• Seattle City Light is prioritizing streetlight upgrades in historically underserved areas such as the Holly Park SHA residential neighborhood in order to provide safer electrical systems and to ensure streets are well-lit at night.
  • The utility also provides free interpreter services for customers as well as offers translated printed information in Spanish, Vietnamese, Chinese, Somali, Tagalog, Korean and other languages commonly used among City Light customers. As part of the RSJI 2014 Work Plan, City Light will continue to host community meetings and focus groups designed for historically underrepresented communities, all of which are supported by interpretation and translation services.

City Light supports a number of other programs and initiatives designed to alleviate inequity including the Utility Discount Program and Project Share.

The Seattle Race and Social Justice Initiative began in 2004. At the time, no other US city had so directly focused on institutional racism and working to improve racial equity. Seattle was the first city in the nation to explicitly focus on undoing institutional racism. Institutional racism is defined by the city of Seattle Office for Civil Rights as the policies, practices and procedures that often unintentionally or inadvertently work to the benefit of certain groups and to the detriment of others.

More information about Seattle City Light’s Race and Social Justice Initiative efforts can be found on our website. For more details about the City of Seattle’s efforts to achieve racial equity, please click here.

City Light: Community Conversation with Univisión Seattle

Univisión Seattle hosts Teresa Gonzalez (left) and Jaime Méndez (middle) sat down with Jorge Carrasco (right), CEO and General Manager of Seattle City Light for a discussion of the Strategic Plan Update.

City Light CEO and General Manager Jorge Carrasco met with Teresa Gonzalez and Jaime Méndez of Univisión Seattle (KUNS-TV) for a Community Conversation, or Conversación con la Comunidad. The 30-minute segment originally aired last Saturday, March 29.  The Community Conversation will re-air on Univisión Seattle on Channel 51 this Saturday, April 5 at 11 p.m.

The Spanish-language Community Conversation marks Carrasco’s first appearance on Univisión and represents City Light’s commitment to community involvement, a founding element of the Strategic Plan. As a special guest, Carrasco reached out to Spanish-speaking customers and shared important information about our programs and future goals.

The Strategic Plan is City Light’s guide for making informed decisions to meet the current and future needs of its customers.  The utility is including stakeholders from diverse communities across its service area in direct town hall conversations to gather community input, reflect current issues and incorporate any necessary adjustments to the plan.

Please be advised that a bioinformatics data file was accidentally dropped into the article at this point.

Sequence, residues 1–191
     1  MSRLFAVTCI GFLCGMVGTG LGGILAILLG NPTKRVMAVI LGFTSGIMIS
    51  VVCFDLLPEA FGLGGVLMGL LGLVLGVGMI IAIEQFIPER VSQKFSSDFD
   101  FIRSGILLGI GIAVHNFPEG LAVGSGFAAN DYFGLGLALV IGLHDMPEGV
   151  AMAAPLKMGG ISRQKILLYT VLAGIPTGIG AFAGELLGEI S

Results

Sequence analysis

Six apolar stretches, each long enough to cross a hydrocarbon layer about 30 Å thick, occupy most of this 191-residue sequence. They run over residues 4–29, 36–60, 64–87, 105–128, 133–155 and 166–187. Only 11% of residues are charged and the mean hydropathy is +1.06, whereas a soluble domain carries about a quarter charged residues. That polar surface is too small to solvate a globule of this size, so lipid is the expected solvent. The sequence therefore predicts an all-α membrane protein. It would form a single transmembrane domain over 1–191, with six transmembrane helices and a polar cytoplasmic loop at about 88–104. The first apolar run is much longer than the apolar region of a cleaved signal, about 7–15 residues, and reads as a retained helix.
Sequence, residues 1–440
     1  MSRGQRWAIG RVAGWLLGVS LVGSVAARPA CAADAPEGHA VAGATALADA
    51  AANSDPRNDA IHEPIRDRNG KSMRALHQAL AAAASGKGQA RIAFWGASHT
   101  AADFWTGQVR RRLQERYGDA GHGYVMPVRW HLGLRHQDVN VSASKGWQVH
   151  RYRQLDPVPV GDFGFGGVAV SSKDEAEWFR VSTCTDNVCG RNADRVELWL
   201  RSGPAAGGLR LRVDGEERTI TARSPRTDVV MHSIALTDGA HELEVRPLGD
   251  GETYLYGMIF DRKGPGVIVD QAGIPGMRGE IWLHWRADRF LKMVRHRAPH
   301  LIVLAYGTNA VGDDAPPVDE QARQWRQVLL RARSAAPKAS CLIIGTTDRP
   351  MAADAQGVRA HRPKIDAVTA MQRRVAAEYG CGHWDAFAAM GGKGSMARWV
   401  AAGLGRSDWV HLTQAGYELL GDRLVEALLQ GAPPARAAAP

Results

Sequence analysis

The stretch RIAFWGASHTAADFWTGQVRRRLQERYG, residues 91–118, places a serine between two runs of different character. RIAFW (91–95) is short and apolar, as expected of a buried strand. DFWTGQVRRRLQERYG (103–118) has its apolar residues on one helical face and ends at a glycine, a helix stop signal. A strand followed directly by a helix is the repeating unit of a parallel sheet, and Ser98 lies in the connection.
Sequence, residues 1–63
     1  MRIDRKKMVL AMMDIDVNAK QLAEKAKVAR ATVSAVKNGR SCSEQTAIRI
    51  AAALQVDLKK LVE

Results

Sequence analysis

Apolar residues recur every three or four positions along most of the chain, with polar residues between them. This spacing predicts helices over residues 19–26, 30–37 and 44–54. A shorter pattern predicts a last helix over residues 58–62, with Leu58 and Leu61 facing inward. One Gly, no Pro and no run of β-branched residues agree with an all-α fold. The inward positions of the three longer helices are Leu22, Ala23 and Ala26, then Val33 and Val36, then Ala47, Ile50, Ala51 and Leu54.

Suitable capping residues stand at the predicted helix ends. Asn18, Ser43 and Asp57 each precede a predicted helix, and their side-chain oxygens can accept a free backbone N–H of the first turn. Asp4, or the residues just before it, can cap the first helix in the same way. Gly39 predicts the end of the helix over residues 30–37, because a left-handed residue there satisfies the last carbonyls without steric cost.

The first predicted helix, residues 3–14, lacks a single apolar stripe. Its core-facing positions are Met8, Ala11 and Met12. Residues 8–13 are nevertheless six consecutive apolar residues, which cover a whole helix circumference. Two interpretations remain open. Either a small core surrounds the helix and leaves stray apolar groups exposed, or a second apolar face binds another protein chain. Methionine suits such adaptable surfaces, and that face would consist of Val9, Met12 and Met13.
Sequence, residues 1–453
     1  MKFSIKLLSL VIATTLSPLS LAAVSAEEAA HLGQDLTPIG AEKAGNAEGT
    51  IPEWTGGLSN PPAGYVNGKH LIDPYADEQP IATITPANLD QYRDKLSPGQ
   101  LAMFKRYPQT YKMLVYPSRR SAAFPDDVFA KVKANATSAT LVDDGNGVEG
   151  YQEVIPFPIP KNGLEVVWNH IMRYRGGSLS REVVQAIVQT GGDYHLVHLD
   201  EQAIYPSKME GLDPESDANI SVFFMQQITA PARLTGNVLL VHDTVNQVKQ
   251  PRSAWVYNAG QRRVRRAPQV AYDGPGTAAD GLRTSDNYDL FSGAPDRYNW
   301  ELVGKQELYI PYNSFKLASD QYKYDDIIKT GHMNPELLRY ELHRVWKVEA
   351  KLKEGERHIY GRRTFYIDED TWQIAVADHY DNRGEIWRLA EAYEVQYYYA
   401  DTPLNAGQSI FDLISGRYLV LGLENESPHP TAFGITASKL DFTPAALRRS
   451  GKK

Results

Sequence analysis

Questions from the Univisión audience demonstrated the broad spectrum of interests in the Seattle Latino community. Audience members asked about City Light resources, how the utility is planning for the future and its commitment to sustainable energy. The audience listened carefully to what it means to have a hydroelectric-based utility with more than 90 percent of its energy coming from renewable sources. A young student in the audience also asked what young people can do to make a difference in reducing their electric bills.

Carrasco took the opportunity to highlight specific projects being undertaken to improve customer service. He also shared information about the Utility Discount Program, which can save income-eligible customers up to 60 percent on their electric bill. City Light also created a Spanish-language Utility Discount Program website for customers.

In its second year of the six-year Strategic Plan, City Light exceeded expectations and is ambitiously raising the bar for the years to come. By 2018 City Light plans to reduce baseline costs by an ongoing $18 million per year, aggressively improving its safety record, expanding community engagement and environmental leadership, and strengthening its ability to meet the growing electricity needs of the customers it serves.

Town hall sessions such as this one with Univisión lead to greater engagement and input from our community members and customers. City Light is currently planning additional outreach through Seattle’s Azteca America network. The utility also recently reached out through a number of meetings in various languages to discuss our Strategic Plan Update and get feedback from the community.

“Seattle City Light, the Nation’s Greenest Utility, is committed to responsible stewardship of our natural resources and our rate-payer dollars, and doing that successfully demands transparency and accountability,” said Carrasco. “This blueprint outlines our path forward and is also our report card to the community on how we are doing.”

To learn more, please visit the Seattle City Light Strategic Plan website.